OKEMOS, Michigan--The affiliated companies of Delta Dental of Michigan, Ohio, Illinois, Tennessee and Indiana are funding two clinical studies to determine if sugarless lollipops containing licorice extract can reduce the bacteria that causes tooth decay in nursing home residents and Head Start children.
The investigations are a collaborative effort of the University of Michigan, UCLA and the Beaumont Hospital Division of Geriatric Medicine. Delta Dental's Research and Data Institute is providing the grants as part of its mission to find solutions to oral health problems.
"Despite great advances, dental decay is one of the most common childhood diseases with more than half of children ages 5 to 9 having had at least one cavity or filling," said Jed J. Jacobson, D.D.S., M.S., M.P.H., chief science officer at Delta Dental. "At the other end of the spectrum, the oral health of many U.S. elderly nursing home residents can be very poor because disabilities make self-care difficult and access to professional dental treatment may be limited."
The lollipops, manufactured by Dr. John's Candies of Grand Rapids, Mich., were developed using FDA-approved materials by Dr. Wenyuan Shi, a microbiologist at UCLA, and C3 Jian, Inc., a research and development company in California.
The orange-flavored, sugarless lollipops contain extract of licorice root (Glycyrrhiza uralensis), which targets and is thought to kill the primary bacteria (Streptococcus mutans or S. mutans and Lactobacillus casei) responsible for tooth decay.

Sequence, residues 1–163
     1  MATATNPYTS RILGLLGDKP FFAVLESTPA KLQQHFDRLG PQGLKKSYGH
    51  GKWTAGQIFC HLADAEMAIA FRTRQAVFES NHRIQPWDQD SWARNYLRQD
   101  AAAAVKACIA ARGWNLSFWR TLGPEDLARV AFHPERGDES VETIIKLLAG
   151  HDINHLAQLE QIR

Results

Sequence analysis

Using a saliva test, the amount of S. mutans and Lactobacillus casei in the patients' mouths is measured before and during lollipop use, as well as for several weeks afterward. All personal identifying information is removed from the samples before they are sent for analysis.
"We know good oral health is inextricably linked to overall health," Jacobson said. "With these studies, we hope to find simple, effective regimens that will encourage prevention and control of dental disease in nursing home residents and children."
The second study kicks off this week at the Head Start and Early Childhood Programs division of Lansing, Mich.-based Capital Area Community Services, Inc. A group of 100 preschool students ages 3 to 5 enrolled in the Head Start program will receive a lollipop for 10 minutes twice daily for three weeks.
"The study will examine the practicality of this delivery system in a classroom setting and hopefully establish a model that can be replicated," said Jacqueline Tallman, R.D.H., B.S., M.P.A., principal investigator of the study. "Three to 5 years of age is an important time in children's oral health development and there is a strong need for new prevention measures."
The first study started last month at nursing homes operated by Beaumont Hospital in the Detroit area. Forty nursing home patients will be participating in the study. For three weeks, half will be given the herbal lollipops twice a day and half will be given placebo lollipops.
"Although many people are keeping most of their teeth as they age, dental decay remains a common cause of tooth pain, infection, and tooth loss in the elderly," said Domenica Sweier, DDS, PhD, clinical assistant professor, University of Michigan School of Dentistry and consultant to the study.
"An affordable means to prevent these oral health problems may be to reduce the bacteria that cause decay through a simple routine easily incorporated into a patient's schedule," Dr Sweier said. "This cutting-edge research may transform the future of oral care."
"If successful, this would be a huge step forward in the dental and general health of our nursing home patients as well as their quality of life," said John Voytas, MD, a geriatric medicine specialist who is leading the research at Beaumont. "It also would reduce costs associated with dental problems such as cavities and more serious conditions."
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